This Thebes point from Gibson County, Indiana, is made from Carter Cave chert. The interior of the notch was expanded by removing a flake at the notches’ top and bottom, resulting in an E-shaped effect. Thebes points date to the Early Archaic period and were used between ca. 8000-10,000 BP.
This point displays E-shaped notches, also referred to as ‘key-hole’ notches. Modern flintknappers often notch replicas of these points by removing two flakes side-by-side; if one of the flake removals is unsuccessful, punching a flake from the platform next to it is usually sufficient to salvage the notch and progress it further into the point. The same appears to have been done on ancient Thebes points; if the last notch flake removed is towards the top side of the notch, ‘dog-leg’ notches were sometimes created. If the last notch flake is removed towards the base of the notch, and spaced slightly away from the point of force application for the prior notch flake, an E-notch was the result. The ‘E’ shape was sometimes exaggerated on these points by the removal of more than one flake once this configuration developed.
The profound cultural and subsistence changes from the Paleoindian to the Early Archaic in North America was matched by a dramatic shift in the stone technology. The fluted lanceolate points of the Paleoindian period, such as Clovis, transitioned to exotically-fluted types such as Cumberland points in southeastern North America, and Folsom on the Great Plains. Eventually fluting was abandoned for less dramatic basal thinning, like that seen on Dalton points, and, eventually, lanceolate points were supplemented or replaced by an explosion of notched point styles in the Early Archaic period, after about 10,000 BP. The earliest notched points in the Early Archaic are side-notched (e.g., Graham Cave, Big Sandy, Hardaway, Bolen), followed by corner-notched points (e.g., Kirk, Palmer, Lost Lake), with ‘bifurcated’ points (corner-notched or stemmed points with a notched base, like LeCroy, Kanawha, MacCorkle, and St Albans) emerging towards the end of the Early Archaic period. Side-notched (e.g., Thebes, St Charles), basal-notched (e.g., Calf Creek), and stemmed (e.g., Hardin, Kirk Stemmed) point variants co-occurred with corner-notched points in complex patterns through most of the Early Archaic period, reflecting considerable regional and chronological diversity in point styles, driven by population growth and intensified trends towards differing cultural expression in circumscribed regions. These point styles—all of them manufactured by bifacial flaking—functioned variously as dart points and hafted knives.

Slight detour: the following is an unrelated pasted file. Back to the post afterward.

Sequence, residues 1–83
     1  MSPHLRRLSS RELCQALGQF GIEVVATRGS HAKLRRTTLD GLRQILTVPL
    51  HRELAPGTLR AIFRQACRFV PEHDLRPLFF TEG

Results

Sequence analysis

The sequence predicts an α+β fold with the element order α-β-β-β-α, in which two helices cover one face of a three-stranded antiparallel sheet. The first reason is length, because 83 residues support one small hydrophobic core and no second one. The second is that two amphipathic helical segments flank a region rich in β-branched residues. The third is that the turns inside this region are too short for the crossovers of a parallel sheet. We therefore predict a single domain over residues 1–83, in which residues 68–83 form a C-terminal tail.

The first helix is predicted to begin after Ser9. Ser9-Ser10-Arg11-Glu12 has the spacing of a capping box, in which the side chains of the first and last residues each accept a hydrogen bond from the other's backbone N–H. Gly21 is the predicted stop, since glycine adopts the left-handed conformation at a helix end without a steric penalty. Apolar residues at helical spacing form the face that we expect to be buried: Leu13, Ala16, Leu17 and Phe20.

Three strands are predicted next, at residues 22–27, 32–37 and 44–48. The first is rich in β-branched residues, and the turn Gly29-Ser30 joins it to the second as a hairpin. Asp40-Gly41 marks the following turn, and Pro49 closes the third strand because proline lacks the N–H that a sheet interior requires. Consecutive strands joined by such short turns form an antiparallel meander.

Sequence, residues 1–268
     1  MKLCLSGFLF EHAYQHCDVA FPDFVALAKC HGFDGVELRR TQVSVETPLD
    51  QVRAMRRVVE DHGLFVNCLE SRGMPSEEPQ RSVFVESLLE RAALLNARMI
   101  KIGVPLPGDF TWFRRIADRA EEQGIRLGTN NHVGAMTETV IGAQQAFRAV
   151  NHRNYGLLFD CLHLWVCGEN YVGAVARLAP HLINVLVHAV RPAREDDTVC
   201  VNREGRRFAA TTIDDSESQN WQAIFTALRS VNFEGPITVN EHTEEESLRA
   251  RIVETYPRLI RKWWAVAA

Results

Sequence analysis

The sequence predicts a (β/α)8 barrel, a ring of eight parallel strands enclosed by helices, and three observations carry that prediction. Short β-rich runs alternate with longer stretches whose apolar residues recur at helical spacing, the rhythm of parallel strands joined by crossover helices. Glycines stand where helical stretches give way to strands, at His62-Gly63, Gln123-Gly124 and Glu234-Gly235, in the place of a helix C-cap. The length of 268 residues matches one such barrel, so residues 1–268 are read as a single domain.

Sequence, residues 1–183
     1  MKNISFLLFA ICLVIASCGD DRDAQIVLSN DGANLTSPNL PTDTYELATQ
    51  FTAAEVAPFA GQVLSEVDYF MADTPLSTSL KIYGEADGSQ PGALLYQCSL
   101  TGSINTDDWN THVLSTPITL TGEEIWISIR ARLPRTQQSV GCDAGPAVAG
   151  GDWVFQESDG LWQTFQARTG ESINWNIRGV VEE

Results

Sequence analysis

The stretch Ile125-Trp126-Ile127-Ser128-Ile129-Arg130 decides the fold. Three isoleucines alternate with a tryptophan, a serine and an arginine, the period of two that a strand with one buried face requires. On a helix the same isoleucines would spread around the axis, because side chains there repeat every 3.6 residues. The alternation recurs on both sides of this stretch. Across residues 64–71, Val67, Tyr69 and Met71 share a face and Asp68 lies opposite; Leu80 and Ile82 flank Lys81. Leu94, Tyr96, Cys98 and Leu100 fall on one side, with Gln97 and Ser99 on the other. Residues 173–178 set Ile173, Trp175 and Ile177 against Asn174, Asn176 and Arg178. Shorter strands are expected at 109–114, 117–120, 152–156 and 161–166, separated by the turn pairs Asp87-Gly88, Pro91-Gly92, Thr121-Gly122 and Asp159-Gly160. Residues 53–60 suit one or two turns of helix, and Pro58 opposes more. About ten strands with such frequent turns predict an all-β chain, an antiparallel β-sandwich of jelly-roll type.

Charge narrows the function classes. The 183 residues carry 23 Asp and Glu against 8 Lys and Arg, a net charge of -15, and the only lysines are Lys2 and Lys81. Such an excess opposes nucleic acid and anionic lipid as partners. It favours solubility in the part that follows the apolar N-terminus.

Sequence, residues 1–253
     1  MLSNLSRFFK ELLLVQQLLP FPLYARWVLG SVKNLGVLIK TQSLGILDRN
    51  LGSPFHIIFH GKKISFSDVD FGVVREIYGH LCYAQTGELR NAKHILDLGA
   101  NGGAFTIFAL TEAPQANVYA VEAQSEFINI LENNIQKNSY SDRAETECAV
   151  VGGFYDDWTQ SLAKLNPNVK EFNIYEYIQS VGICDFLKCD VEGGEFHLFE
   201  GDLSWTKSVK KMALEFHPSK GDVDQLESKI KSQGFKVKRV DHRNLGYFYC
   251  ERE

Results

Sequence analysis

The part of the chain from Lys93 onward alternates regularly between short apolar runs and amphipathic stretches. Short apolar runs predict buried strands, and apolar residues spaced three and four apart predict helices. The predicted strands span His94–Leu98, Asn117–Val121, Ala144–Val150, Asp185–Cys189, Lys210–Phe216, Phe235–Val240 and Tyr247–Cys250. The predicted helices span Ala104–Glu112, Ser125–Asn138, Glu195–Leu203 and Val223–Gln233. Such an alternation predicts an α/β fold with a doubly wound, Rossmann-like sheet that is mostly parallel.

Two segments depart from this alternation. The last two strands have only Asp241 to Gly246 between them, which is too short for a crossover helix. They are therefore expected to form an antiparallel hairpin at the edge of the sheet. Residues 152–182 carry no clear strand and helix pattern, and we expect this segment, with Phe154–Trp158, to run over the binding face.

The Thebes point family includes the St Charles, Lost Lake, and Calf Creek varieties. Thebes points were made by skilled bifacial percussion thinning followed by indirect percussion notching using a punch. The notch flake scars are often quite broad and pronounced. The bases are usually heavily ground and sometimes polished, presumably to prevent the handle binding from being cut by the basal edge. Pressure flaking was usually limited to the edges, and islands of the percussion thinning scars are visible in the middle of each face, particularly towards the proximal end.
The blade edges on Thebes points were resharpened frequently by non-invasive pressure flaking, mostly conducted unifacially. The unifacial resharpening was done to the opposite faces on the two edges and, through attrition, the biface developed a twisted, propeller-like cross section. This technique is called ‘bevelling’. The beveled faces almost always occur on the left site of the point (with the proximal end oriented down). The bevelling technique was used across a number of point styles in the Early Archaic period in eastern North America. It appears to have first emerged during the Dalton phase. Bevelled points were probably used as hafted knives in most cases. The bevelling on this model is well-developed, and the propeller cross section can be seen by rotating the model and viewing it from the tip. The point was heavily resharpened. Grinding is also apparent on the basal edge.